He expects that local ownership to be actively involved in building the organization’s culture and actions , expressing great confidence in franchise CEO Tod Leiweke to support and facilitate local involvement at all levels.
Obviously here in Seattle we don’t have a great experience with non-local ownership. So that’s why I think Tod felt this was so important. David Bonderman went to University of Washington and he’s still involved in the university today so he understands Seattle, he understands the culture but he doesn’t live here full time and so I think that’s why it was really important for us to compile a group of local owners.
The local ownership group, we’re there to be that voice for the city, for our fans and to be in the community and hear what people are saying, hear what people want.
In Seattle we’re passionate, we’re smart. People will realize if you’re genuine or not and I think that our fans will realize that this ownership is genuine, cares what the fans think and is committed to providing the right product. Not just wins and losses but just the whole experience of going to the game and how the buildings run and things like that.
That is why it’s really important for us to compile a group of local owners. Tod has a specific relationship with every one of those local owners, you know. Mine with Tod was when he was on the Space Needle board of directors. Adrian met Tod through the Sounders connection. We’ll leave it up to Tod to figure out how he is going to best utilize all of us and let us contribute.”
David believes this ownership group is committed to bringing the NBA back to Seattle as well.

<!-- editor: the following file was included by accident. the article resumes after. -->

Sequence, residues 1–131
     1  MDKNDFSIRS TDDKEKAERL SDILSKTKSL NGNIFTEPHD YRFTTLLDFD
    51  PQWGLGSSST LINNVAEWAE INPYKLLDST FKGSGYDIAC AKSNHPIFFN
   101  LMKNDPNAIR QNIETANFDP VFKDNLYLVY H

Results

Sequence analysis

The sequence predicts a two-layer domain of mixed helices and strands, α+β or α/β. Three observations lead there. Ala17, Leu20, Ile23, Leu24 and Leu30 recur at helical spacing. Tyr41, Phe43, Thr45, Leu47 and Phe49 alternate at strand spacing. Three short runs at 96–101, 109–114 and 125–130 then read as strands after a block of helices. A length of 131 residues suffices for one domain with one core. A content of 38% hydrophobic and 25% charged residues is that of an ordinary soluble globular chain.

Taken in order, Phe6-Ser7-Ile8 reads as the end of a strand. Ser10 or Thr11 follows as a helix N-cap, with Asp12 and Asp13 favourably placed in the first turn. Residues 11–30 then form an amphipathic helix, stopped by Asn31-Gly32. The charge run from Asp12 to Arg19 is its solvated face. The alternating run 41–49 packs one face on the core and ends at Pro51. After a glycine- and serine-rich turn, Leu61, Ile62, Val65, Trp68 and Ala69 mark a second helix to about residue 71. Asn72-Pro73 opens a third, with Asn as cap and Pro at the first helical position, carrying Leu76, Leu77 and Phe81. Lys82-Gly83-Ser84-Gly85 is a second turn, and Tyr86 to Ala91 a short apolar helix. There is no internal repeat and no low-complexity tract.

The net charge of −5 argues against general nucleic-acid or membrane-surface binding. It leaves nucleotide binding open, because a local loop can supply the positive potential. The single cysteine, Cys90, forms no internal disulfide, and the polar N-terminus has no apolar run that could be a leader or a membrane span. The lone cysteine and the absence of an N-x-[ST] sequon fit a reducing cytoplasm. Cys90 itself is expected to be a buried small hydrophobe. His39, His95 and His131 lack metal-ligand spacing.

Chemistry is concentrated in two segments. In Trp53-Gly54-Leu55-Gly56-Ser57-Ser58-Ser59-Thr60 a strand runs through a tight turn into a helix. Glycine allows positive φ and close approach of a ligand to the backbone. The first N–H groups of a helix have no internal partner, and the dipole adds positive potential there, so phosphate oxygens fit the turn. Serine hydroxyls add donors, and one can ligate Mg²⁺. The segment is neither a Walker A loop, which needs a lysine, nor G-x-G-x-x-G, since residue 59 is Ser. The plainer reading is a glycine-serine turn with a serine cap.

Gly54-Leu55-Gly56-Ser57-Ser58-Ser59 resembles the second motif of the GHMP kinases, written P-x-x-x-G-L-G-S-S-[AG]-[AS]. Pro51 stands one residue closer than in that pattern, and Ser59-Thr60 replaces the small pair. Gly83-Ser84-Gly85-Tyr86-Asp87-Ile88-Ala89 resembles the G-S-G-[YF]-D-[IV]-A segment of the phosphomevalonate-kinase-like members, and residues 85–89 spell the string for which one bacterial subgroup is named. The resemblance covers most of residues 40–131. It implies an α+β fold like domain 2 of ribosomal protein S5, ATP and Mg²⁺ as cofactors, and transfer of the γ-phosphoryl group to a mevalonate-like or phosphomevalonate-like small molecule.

“I was certainly an avid Sonic fan, long time season ticket holder back in the day.
It was terrible that we lost them. Obviously the passion that we still see in this city for the Sonics, in what you’re doing and the followers that you have. Clearly there’s enough support here for them and David Bonderman has made it public that if or when the opportunity arises he will be the first one there to try to bring a team back to Seattle. I think this local ownership group is passionate about it as well and wants to see NBA back in Seattle. And there’s a lot that’s going to go on between now and if that happens someday but I believe this group will right at the front door trying to make it happen.”
The six-year-old kid who attended Seattle’s first ever NFL opening day with his triumphant dad has grown up. Now a parent in his 40’s, David Wright has a unique opportunity to share that same experience no only with his son, but with all of Seattle when his group brings the NHL - and eventually the NBA - to Seattle.
David knows how he is going to spend opening night.
“I’ll be there with my children. I’ll be there with my family. You’re only there at the first game once and you can’t pass that up with family.
It’s funny how life comes full circle”